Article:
You would think that people would use some sense in picking which rules to follow. Perhaps education helps with that.

I understand that a great many of the Biblical prohibitions are reactions against the tenets and rituals of the practices of Israel's neighboring (enemy) tribes/nations.  You see the same things here today:  "conservative" Republicans almost define themselves by being against everything Democrats are for, even if Teddy Roosevelt was a huge proponent of the same thing.

There is no "sense" involved in picking these rules.  It is all about defining an out-group and making sure one is part of the in-group.

The idea that Catholicism leads to large families isn't well supported. Sure the Vatican's stance doesn't help, but there are many Catholic-dominated countries with low birth rates (e.g. Poland) and many non-Catholic-dominated countries with high birth rates.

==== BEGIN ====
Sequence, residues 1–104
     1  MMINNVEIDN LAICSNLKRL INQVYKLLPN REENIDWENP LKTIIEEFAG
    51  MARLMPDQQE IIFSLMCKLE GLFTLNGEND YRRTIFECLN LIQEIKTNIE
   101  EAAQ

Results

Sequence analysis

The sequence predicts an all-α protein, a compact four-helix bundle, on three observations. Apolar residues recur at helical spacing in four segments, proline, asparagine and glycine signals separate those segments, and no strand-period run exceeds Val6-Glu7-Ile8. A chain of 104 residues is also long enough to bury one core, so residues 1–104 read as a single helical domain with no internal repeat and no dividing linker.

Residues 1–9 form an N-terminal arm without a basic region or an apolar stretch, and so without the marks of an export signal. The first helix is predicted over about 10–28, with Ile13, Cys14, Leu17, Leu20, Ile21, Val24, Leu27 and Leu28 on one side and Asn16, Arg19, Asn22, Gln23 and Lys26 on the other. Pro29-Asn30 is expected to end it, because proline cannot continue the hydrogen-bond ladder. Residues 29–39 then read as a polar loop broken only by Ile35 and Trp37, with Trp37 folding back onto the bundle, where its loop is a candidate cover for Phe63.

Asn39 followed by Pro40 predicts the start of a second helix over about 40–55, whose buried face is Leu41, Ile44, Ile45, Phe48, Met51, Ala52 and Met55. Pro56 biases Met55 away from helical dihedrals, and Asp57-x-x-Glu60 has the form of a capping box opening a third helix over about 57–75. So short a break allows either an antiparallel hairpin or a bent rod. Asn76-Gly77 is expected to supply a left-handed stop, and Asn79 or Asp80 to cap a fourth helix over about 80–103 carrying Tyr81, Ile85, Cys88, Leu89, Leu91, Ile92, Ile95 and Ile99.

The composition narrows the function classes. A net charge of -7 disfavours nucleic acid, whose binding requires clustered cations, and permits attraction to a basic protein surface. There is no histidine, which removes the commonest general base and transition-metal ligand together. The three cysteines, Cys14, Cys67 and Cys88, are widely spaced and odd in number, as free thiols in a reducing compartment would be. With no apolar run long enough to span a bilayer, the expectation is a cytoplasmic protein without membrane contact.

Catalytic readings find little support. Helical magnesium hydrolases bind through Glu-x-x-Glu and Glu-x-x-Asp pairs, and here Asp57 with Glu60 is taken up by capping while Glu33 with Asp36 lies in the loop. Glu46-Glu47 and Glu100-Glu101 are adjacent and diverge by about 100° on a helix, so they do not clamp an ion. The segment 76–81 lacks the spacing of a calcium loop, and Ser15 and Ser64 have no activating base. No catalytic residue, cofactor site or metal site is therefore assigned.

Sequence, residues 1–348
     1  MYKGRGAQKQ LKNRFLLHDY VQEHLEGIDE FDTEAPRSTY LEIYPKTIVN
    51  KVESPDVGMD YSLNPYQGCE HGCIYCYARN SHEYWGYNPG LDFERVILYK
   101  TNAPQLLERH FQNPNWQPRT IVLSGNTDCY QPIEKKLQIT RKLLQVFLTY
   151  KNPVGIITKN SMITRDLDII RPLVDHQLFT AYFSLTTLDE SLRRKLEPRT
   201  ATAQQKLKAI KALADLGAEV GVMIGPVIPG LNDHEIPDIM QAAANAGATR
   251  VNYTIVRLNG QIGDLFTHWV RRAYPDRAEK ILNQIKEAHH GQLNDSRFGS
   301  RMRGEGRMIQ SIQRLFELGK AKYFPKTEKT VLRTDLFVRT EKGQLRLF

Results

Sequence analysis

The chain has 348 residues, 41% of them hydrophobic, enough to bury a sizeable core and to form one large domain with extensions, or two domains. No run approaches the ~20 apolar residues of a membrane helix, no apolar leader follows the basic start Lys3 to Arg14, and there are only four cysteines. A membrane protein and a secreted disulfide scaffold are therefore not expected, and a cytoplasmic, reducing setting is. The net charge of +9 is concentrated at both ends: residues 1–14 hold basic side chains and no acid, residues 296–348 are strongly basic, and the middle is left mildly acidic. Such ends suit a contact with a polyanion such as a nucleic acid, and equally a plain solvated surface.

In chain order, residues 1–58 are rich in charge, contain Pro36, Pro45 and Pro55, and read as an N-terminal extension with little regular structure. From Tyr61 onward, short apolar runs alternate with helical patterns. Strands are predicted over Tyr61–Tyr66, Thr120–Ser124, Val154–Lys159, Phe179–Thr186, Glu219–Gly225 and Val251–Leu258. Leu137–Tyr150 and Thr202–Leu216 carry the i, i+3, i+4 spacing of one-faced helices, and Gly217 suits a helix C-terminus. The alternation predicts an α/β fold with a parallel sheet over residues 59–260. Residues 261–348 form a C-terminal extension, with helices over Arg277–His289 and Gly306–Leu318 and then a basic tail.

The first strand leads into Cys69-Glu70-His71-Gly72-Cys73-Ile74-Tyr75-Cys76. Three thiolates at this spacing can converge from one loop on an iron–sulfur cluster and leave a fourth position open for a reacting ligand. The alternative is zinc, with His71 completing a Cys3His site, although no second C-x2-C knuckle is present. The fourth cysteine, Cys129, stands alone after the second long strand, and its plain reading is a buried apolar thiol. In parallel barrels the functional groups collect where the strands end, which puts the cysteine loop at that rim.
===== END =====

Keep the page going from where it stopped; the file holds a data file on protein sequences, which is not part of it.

A more important issue than religion is education for women (especially young girls) and life expectancies. I heard an interview one time with George McGovern and was impressed at how he saw multiple links in a complex system, and identified a relatively simple leverage point of providing meals for school children in poor countries (which led to parents sending girls more to school, which led to more education of young women, which led to later and more planned parenthood and reduced birth rates).


My wife is Catholic and my family is largely Anglican (none strongly religious). She finds the knee-jerk stereotyping of Catholics very tiring. Personally, I believe that such stereotyping is largely rooted in old battles between the English and the French, and perhaps also the Irish.

Don't forget the English and the Spanish, big players in their day.